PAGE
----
I met a woman the other day who said she was 104 years old. She lives alone in a one-room stone house in a village called Khirbet Abu Falah, in the Palestinian highlands north of Ramallah. The house, with its distinctive Ottoman-style vaulted ceiling, is older than she is.
She is hard of hearing and spoke in a peasant dialect so distinctive that even my Palestinian friends had trouble understanding her. She didn’t say much anyway.
I imagined all that she has seen in her lifetime. When she was born, at the turn of the last century, there were no political borders from Jerusalem to Damascus to Baghdad to Istanbul. The population of the region that was to become Palestine, and later Israel and the Palestinian territories, was 600,000, of which 87 percent were Arab Muslims, 10 percent were Arab Christians and 3 percent were Jews, both immigrants from Europe and indigenous Sephardic Jews.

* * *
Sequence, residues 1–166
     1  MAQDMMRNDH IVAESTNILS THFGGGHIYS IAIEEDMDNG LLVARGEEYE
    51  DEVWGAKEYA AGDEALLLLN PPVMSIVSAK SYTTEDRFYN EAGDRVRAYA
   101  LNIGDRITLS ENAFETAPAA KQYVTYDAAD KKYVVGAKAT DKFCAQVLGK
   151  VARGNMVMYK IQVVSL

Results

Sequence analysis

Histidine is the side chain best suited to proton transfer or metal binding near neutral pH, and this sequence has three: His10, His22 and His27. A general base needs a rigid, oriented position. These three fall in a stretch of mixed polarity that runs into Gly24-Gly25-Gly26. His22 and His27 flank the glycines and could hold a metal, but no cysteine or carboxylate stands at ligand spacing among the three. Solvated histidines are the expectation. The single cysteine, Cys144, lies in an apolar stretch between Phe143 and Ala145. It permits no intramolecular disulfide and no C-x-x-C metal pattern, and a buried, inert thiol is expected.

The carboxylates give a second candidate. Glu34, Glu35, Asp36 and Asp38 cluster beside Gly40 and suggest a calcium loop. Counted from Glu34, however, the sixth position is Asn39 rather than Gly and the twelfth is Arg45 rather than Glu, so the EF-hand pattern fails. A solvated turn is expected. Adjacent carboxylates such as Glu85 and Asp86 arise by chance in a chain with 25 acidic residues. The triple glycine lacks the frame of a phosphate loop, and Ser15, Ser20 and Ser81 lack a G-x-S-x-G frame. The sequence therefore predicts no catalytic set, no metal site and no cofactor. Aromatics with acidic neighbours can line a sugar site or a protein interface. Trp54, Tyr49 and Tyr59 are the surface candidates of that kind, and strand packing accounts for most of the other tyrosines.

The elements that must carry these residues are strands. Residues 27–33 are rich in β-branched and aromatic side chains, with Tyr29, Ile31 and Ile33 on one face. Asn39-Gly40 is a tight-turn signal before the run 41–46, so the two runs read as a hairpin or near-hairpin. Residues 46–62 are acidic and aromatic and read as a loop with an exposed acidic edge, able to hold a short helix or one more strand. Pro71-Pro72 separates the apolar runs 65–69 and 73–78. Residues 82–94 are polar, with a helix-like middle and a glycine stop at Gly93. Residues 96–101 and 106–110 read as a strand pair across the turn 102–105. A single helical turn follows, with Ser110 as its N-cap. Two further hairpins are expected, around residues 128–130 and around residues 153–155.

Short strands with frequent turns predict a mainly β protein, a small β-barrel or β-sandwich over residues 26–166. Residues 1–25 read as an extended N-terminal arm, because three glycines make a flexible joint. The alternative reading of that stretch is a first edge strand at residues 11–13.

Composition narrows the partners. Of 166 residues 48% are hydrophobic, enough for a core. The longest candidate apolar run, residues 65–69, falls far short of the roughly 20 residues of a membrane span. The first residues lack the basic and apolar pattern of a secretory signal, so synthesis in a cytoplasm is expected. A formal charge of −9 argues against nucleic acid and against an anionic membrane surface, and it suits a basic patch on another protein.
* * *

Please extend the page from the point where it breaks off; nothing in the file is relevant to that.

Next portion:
Nearly a decade after her birth, in 1909, Tel Aviv was founded as the first Jewish city in the Middle East. She was approaching adulthood, when in 1917, British forces occupied Jerusalem and began a 31-year occupation.
In middle age, in 1948, British troops left Palestine, Jewish residents declared independence as Israel and war erupted. Seventy-eight percent of Palestine was conquered by the new state of Israel. Three-quarters of a million Palestinians, or 90 percent of those living in the Jewish state, became refugees. Israeli bulldozers destroyed more than 400 Palestinian villages, after their occupants fled or were forced from their homes.
Her village, however, was spared. It became part of a new political region known as the West Bank, annexed by Jordan.
Nineteen years later, she was in her late 60s when Israel invaded Jordan (as well as Syria and Egypt) and occupied the rest of historic Palestine, including her village. She later survived one Palestinian uprising against Israeli occupation, in the late 1980s, and so far has survived the second, which began in 2000.